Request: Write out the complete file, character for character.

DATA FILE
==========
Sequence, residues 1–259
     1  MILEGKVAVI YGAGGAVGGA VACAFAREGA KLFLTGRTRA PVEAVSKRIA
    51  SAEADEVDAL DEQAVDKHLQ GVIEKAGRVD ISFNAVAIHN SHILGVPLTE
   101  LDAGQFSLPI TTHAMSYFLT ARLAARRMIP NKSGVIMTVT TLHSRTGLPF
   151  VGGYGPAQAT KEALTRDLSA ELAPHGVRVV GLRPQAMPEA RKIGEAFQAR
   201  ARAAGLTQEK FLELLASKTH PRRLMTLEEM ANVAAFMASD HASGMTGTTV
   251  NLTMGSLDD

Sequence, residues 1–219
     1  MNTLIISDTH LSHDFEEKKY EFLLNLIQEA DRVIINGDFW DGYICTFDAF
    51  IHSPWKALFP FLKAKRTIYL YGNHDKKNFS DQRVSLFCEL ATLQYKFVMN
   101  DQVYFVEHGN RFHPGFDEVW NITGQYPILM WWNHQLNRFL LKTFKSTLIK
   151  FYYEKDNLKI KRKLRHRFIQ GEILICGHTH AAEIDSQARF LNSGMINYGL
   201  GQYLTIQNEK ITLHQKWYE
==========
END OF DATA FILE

Sequence, residues 1–259
     1  MILEGKVAVI YGAGGAVGGA VACAFAREGA KLFLTGRTRA PVEAVSKRIA
    51  SAEADEVDAL DEQAVDKHLQ GVIEKAGRVD ISFNAVAIHN SHILGVPLTE
   101  LDAGQFSLPI TTHAMSYFLT ARLAARRMIP NKSGVIMTVT TLHSRTGLPF
   151  VGGYGPAQAT KEALTRDLSA ELAPHGVRVV GLRPQAMPEA RKIGEAFQAR
   201  ARAAGLTQEK FLELLASKTH PRRLMTLEEM ANVAAFMASD HASGMTGTTV
   251  NLTMGSLDD

Sequence, residues 1–219
     1  MNTLIISDTH LSHDFEEKKY EFLLNLIQEA DRVIINGDFW DGYICTFDAF
    51  IHSPWKALFP FLKAKRTIYL YGNHDKKNFS DQRVSLFCEL ATLQYKFVMN
   101  DQVYFVEHGN RFHPGFDEVW NITGQYPILM WWNHQLNRFL LKTFKSTLIK
   151  FYYEKDNLKI KRKLRHRFIQ GEILICGHTH AAEIDSQARF LNSGMINYGL
   201  GQYLTIQNEK ITLHQKWYE